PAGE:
Home Vulnerabilities Janus vulnerability Allows Attackers To Inject Malicious Code Into Android Apps Without Changing Signatures

Janus vulnerability Allows Attackers To Inject Malicious Code Into Android Apps Without Changing Signatures

by Unallocated Author

Security researchers from mobile security firm GuardSquare have discovered a vulnerability called Janus that enables hackers to avoid app signatures and inject malware into Android apps.

The flaw (tracked as CVE-2017-13156) enables attackers to change the code in applications without affecting their signatures. The main issue is that the modified file can be a valid APK file and a valid DEX file at the same time.

According to the researchers:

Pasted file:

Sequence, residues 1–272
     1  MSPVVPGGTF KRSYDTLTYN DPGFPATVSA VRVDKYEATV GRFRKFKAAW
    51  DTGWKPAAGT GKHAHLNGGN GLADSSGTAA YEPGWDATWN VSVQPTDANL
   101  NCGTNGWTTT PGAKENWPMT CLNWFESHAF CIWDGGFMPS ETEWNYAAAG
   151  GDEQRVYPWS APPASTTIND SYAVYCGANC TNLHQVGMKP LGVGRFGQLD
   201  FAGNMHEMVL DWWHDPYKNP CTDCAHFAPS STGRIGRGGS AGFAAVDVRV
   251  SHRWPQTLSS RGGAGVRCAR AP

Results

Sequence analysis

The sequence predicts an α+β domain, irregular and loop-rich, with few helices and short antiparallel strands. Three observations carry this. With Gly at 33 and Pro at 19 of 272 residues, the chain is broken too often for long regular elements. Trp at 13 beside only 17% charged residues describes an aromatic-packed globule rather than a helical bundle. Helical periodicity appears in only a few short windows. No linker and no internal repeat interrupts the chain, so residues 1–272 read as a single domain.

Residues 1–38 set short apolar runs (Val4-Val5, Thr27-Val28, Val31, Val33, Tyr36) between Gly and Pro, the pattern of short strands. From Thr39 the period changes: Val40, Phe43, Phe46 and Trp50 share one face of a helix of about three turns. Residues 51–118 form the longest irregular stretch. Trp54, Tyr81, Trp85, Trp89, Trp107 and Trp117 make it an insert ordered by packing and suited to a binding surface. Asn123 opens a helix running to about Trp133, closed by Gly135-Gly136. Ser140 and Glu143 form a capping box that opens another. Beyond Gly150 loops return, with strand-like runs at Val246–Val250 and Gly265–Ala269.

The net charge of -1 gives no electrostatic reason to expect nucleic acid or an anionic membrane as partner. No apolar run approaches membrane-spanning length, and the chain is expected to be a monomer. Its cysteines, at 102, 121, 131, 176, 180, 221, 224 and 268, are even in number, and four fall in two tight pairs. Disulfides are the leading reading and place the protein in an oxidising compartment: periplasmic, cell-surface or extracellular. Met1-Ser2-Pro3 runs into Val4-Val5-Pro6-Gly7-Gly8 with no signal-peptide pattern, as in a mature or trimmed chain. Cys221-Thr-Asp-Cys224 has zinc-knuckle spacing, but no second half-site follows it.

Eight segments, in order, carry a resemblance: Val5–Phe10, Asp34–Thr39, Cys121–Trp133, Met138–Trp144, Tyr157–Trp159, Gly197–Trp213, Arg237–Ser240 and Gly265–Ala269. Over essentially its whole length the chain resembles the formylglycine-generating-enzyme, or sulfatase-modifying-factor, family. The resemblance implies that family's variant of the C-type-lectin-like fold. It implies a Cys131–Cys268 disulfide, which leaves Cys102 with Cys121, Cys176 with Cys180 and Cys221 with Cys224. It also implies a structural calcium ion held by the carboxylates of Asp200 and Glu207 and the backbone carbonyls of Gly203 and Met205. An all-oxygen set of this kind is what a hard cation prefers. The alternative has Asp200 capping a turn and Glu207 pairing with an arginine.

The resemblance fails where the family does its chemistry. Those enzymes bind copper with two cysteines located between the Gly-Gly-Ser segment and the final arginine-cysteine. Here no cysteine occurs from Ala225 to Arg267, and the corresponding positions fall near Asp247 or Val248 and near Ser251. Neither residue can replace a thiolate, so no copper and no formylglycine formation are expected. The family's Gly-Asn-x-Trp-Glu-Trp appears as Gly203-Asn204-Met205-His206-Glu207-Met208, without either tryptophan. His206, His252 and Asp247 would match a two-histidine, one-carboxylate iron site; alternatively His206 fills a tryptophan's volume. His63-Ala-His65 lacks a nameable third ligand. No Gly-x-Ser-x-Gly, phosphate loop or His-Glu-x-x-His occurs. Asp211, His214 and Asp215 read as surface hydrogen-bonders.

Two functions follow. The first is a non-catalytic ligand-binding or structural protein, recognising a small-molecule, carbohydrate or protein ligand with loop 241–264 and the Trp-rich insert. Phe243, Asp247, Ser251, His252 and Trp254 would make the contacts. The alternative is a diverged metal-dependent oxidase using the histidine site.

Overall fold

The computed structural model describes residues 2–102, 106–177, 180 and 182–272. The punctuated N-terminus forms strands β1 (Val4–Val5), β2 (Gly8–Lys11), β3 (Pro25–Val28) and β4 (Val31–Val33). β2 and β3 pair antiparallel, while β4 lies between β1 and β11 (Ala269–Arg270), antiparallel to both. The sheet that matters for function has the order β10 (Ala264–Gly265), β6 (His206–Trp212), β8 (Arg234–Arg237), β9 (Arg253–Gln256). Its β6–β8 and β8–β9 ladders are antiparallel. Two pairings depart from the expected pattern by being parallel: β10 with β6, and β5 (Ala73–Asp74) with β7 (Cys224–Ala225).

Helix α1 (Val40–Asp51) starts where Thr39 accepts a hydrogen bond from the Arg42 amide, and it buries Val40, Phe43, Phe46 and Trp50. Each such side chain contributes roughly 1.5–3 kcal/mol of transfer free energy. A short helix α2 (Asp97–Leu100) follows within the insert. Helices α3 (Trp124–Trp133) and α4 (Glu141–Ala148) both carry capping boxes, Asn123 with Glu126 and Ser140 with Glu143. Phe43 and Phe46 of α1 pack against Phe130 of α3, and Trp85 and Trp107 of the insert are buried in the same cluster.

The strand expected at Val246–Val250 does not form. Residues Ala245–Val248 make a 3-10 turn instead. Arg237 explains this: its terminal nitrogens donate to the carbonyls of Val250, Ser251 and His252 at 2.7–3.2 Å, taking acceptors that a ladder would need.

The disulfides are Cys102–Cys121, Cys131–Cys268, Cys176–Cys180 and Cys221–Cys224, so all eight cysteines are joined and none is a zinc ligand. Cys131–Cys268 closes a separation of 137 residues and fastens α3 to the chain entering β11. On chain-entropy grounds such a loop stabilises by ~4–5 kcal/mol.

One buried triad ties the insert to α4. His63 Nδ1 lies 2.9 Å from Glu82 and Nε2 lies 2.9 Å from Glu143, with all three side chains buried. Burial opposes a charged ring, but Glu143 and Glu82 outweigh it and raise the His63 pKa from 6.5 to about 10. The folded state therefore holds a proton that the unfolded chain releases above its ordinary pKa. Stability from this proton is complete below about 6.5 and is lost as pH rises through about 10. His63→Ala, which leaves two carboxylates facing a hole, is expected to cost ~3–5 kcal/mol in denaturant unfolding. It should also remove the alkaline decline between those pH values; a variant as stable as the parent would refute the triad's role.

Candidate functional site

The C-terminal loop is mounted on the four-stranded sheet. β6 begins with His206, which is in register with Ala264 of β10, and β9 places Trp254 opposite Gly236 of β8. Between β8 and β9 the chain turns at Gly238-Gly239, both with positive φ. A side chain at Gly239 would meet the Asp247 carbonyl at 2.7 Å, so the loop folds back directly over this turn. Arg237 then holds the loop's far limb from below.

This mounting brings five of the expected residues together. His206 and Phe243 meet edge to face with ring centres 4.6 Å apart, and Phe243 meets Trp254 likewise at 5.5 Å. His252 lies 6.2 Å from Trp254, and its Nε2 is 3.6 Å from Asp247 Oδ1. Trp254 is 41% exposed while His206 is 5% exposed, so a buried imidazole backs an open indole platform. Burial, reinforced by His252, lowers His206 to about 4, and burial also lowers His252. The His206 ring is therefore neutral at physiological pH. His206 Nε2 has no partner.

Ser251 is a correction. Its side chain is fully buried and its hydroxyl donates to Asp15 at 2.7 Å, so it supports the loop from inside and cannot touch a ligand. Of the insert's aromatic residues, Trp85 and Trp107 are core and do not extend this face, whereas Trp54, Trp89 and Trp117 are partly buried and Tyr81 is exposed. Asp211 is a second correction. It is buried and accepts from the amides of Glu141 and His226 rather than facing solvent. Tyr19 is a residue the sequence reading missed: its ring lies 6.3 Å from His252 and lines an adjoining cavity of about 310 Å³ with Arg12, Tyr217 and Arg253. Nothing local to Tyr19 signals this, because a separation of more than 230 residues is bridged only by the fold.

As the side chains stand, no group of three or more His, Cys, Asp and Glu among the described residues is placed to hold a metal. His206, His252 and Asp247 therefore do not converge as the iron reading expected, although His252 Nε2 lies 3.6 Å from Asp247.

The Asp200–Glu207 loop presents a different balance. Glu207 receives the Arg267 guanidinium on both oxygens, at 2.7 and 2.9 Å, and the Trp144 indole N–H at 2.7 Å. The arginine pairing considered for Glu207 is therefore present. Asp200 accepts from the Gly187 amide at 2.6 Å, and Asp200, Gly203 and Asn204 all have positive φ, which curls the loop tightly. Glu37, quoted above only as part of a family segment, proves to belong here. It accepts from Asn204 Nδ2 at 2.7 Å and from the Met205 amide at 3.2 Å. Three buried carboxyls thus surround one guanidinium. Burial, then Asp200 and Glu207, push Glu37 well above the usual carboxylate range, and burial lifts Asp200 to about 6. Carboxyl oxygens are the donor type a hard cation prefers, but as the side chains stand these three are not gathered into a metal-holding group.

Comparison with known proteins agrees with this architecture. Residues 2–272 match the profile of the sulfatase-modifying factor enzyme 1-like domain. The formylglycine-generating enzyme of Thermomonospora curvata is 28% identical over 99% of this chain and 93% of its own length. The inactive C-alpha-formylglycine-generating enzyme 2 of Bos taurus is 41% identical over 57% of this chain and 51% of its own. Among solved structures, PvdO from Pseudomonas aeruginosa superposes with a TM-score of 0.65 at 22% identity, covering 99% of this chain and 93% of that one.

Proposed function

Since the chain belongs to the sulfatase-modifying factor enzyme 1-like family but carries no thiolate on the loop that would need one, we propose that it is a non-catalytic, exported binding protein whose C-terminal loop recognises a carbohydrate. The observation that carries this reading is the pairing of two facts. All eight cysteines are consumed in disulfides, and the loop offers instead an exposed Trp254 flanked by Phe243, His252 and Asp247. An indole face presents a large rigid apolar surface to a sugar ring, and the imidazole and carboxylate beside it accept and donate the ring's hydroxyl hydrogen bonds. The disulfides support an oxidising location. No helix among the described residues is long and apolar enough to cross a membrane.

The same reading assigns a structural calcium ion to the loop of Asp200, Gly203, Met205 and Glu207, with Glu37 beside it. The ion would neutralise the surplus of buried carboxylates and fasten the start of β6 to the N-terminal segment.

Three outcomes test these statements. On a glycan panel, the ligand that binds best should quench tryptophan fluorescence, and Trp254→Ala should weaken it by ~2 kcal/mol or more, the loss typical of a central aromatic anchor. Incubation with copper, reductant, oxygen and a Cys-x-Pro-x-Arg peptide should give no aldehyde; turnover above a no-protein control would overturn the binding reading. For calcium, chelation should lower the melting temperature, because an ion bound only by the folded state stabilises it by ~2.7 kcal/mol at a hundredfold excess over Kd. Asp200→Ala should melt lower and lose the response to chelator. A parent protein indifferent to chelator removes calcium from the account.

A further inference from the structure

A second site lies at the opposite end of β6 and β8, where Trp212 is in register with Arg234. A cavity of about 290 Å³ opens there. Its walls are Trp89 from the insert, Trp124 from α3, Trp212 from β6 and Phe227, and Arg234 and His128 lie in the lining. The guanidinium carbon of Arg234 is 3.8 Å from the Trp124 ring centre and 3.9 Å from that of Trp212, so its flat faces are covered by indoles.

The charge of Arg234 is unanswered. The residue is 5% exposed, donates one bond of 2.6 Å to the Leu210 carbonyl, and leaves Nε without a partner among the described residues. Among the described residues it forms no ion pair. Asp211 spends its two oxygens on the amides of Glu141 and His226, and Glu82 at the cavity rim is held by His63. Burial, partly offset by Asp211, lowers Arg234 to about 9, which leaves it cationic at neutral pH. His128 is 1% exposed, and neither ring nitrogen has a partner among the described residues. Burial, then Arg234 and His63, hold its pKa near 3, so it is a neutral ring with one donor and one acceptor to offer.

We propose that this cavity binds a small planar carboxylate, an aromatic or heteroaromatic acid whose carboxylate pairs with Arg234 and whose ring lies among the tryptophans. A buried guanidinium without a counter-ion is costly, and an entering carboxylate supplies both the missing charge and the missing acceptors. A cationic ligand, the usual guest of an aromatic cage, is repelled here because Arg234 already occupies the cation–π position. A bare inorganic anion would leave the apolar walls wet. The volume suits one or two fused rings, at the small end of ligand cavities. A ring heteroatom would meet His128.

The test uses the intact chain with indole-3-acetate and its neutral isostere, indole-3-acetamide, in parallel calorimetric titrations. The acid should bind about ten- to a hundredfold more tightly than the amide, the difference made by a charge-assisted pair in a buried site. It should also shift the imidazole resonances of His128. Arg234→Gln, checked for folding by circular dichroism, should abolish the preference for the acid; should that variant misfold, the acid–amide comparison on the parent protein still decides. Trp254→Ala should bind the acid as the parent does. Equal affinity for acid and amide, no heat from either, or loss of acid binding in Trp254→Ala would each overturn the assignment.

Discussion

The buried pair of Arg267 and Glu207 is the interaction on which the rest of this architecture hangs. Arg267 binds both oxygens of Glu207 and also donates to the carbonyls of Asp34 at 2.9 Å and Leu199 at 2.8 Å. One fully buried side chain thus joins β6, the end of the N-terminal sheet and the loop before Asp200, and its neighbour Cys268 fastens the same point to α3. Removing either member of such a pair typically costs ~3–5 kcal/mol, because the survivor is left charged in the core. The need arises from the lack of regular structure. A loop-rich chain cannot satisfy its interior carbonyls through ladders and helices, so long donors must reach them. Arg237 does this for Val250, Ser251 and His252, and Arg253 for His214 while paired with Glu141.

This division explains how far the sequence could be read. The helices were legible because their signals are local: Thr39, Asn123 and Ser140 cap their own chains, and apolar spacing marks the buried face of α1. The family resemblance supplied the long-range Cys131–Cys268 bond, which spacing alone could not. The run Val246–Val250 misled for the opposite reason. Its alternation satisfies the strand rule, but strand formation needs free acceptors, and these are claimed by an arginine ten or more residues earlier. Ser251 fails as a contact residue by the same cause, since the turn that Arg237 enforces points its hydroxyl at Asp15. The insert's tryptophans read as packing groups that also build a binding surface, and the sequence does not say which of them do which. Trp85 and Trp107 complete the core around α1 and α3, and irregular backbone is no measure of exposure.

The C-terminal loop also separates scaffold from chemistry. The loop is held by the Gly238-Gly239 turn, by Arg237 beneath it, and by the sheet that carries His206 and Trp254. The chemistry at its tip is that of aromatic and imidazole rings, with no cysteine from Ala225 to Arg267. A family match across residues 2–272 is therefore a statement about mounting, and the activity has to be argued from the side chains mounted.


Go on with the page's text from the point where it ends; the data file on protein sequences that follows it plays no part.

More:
The Janus vulnerability stems from the possibility to add extra bytes to APK files and to DEX files. On the one hand, an APK file is a zip archive, which can contain arbitrary bytes at the start, before its zip entries (actually more generally, between its zip entries).

The Janus flaw affects only applications signed with the app signature scheme v1, but applications signed with the signature scheme v2 are not affected.

The flaw only affects devices running Android 5.0 and later. An Android update that patches devices against Janus vulnerability is available for holders of Google smartphones. The rest of the Android pleb is at the mercy of mobile carriers.

Users are recommended to install apps and updates only from Google Play Store.

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